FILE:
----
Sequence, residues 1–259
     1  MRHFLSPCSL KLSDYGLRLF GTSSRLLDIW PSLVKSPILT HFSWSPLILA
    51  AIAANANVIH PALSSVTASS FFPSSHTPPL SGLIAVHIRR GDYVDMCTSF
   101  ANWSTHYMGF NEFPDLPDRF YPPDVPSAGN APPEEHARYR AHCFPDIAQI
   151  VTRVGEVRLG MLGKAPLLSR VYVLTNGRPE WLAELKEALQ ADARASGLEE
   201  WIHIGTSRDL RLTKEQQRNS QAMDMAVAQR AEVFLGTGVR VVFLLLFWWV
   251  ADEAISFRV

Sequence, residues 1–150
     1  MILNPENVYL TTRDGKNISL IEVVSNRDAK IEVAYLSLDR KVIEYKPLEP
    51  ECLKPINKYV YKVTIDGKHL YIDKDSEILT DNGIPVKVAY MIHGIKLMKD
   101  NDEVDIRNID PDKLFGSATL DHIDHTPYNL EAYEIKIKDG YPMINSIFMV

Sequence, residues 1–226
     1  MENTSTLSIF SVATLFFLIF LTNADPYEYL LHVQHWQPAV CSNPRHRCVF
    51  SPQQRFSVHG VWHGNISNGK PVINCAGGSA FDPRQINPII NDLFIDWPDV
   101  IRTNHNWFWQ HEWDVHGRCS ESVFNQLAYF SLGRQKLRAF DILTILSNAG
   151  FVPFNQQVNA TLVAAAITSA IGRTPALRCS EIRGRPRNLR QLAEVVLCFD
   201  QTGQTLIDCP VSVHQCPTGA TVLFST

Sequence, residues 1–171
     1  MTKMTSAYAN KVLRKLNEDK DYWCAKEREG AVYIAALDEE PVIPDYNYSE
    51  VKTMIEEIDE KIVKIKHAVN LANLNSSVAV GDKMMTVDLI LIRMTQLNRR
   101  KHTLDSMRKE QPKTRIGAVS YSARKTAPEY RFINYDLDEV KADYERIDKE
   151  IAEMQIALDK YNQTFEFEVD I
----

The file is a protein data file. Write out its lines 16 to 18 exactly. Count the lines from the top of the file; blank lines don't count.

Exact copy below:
   151  FVPFNQQVNA TLVAAAITSA IGRTPALRCS EIRGRPRNLR QLAEVVLCFD
   201  QTGQTLIDCP VSVHQCPTGA TVLFST

Sequence, residues 1–171